Tom has a nine year old cat named Simon, and Simon has a claw problem. Tom writes:
Tom, the claws you noticed are no longer shedding their outer sheaths. As a cat's claws grow, they get replaced from the inside out. The dull outer sheath is shed to be replaced by the razor sharp claw underneath. This is a continuous process that's helped along by your cat's clawing behavior. That's right, they aren't clawing things to get back at you. Cats claw things to clean their claws and help shed these sheaths.
it's not unusual for older cats to develop the thick claw problem. As cats age, their claws grow more rapidly than before and they're harder to shed. Problems begin when claws aren't trimmed often enough or the cat doesn't use an adequate scratching surface often enough. So right there, you have two things you can do to help. Trim Simon's nails, including the thicker ones, frequently and make sure he has plenty of scratching surfaces that he likes.
Trimming a cat's claws can be a challenge, but it will be easier if you link pleasant things like treats to the experience. Always offer your cat a treat after you've successfully trimmed at least one claw. You may have to take it one claw at a time, but don't give up. Hold the cat securely and grasp the paw between your thumb and forefinger. Press gently and you'll extend the claw. Be very careful with a struggling cat because you don't want to accidentally cut too much. Never cut into the quick, which in most cat's claws is the clearly visible pink area. Only trim the tips. Most cats will take care of their back claws on their own, so you need only trim the claws on their front paws.
If you're trimming thicker nails, like the ones you described, Tom, you can also try to help Simon shed those extra sheaths, but be careful. His nail bed is likely very sensitive due to the unshed sheaths pressing into it. Just extending his claw between your fingers could create a lot of pain. If you can take care of the chore yourself, do so quickly and reward Simon for his patience.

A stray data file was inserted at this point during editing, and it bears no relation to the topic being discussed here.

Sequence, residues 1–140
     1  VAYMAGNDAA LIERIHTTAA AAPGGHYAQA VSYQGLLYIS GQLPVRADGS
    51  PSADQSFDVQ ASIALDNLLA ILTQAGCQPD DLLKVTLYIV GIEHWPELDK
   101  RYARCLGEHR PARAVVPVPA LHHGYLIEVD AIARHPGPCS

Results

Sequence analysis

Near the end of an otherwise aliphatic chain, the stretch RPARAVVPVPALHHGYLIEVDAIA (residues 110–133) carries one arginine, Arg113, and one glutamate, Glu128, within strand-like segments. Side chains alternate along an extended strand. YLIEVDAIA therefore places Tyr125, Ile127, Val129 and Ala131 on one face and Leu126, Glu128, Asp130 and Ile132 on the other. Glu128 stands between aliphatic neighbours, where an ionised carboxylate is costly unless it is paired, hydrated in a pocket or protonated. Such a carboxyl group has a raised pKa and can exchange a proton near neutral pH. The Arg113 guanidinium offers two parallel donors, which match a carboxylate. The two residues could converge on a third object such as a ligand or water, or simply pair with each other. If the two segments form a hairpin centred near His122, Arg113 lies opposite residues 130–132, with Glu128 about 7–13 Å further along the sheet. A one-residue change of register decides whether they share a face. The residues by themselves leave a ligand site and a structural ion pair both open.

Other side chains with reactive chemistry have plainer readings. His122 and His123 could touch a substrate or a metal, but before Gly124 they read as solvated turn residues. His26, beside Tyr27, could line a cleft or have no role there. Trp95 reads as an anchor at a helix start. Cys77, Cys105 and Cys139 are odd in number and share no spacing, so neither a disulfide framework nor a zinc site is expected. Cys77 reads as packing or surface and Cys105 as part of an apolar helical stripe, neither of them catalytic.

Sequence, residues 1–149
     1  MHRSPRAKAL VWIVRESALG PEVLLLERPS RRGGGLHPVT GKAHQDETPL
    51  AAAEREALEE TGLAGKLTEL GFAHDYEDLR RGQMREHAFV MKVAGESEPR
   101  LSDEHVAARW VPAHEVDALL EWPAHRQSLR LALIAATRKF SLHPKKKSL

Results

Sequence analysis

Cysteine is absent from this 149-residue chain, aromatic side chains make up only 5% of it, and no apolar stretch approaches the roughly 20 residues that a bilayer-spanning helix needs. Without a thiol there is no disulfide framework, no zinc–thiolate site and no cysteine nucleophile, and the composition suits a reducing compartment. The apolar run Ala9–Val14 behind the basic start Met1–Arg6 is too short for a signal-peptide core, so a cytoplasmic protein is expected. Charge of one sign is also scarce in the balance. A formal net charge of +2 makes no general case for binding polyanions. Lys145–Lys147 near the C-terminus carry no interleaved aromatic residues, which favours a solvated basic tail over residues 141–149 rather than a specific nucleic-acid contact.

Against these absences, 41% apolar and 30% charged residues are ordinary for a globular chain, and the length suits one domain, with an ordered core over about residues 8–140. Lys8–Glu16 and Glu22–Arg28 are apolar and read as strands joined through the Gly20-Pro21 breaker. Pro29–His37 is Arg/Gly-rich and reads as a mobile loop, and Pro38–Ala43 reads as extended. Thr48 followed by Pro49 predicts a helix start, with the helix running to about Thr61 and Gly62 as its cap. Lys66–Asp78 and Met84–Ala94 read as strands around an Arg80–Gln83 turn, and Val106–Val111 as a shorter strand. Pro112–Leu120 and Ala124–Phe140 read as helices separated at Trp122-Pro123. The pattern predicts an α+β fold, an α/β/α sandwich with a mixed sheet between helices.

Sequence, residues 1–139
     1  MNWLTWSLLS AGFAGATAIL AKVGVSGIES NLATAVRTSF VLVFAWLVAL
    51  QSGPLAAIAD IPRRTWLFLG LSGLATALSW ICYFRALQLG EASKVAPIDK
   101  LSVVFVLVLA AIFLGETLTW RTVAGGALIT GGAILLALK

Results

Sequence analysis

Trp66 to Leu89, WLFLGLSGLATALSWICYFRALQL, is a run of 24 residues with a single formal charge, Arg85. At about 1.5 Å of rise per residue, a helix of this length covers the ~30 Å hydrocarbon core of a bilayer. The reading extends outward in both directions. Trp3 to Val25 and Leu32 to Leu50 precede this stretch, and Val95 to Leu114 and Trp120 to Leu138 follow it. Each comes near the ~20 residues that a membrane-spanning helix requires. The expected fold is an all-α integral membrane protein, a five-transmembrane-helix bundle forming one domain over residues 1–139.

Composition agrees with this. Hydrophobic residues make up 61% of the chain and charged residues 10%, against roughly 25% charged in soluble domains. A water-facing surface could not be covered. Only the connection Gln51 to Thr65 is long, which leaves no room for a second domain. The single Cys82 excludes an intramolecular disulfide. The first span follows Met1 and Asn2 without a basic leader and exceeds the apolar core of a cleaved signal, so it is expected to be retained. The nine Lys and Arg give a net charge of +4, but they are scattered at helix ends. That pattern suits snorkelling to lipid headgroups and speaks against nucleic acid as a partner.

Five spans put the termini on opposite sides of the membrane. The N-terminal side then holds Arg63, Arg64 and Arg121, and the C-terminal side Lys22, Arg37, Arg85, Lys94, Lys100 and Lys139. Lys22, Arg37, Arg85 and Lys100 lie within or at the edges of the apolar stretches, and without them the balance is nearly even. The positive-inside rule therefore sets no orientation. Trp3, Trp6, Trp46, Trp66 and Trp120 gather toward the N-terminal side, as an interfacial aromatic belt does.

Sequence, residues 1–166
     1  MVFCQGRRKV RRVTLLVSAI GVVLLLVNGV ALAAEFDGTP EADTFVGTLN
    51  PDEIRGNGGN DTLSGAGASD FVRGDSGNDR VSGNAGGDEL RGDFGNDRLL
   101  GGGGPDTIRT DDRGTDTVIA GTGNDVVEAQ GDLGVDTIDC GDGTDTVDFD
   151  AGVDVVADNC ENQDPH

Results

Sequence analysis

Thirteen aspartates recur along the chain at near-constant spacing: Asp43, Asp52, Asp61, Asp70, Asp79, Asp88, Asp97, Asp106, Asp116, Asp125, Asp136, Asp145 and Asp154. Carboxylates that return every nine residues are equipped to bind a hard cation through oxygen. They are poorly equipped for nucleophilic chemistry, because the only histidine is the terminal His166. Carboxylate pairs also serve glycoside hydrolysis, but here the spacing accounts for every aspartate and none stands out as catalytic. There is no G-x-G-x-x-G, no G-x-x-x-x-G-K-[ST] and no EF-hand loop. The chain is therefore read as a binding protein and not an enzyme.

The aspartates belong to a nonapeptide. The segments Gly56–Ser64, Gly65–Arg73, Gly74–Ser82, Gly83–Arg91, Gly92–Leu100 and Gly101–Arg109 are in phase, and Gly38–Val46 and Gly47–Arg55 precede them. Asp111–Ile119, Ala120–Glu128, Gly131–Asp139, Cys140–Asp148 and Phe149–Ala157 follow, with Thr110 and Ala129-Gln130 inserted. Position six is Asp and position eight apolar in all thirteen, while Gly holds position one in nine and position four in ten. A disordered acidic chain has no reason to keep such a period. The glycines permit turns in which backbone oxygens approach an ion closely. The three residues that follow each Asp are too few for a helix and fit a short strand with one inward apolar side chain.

In addition to regular trimmings, all cats need one vertical scratching surface that's at least twice their shoulder height and one good horizontal scratcher. These can be covered with any material, but they'll need to be rough to attract cats to them. Imagine the kinds of surfaces cats would encounter in the wild. The closer the scratching surface is to tree bark, the better, and the greater the likelihood that the scratcher will get used. Corrugated cardboard, sisal, and berber carpet are all popular options. Avoid posts covered in soft carpet. These appeal more to humans than they do to cats.
So, let's assume that Simon's nails have been adequately trimmed and he has scratching posts that he uses regularly. Now what? If Simon is no longer showing signs of pain, it would be best just to keep those larger nails trimmed up. If he's showing you that he still has some pain associated with his claws, it's time to take him to the vet. If there's any indication at all that a claw might have become ingrown, your veterinarian should be your first option.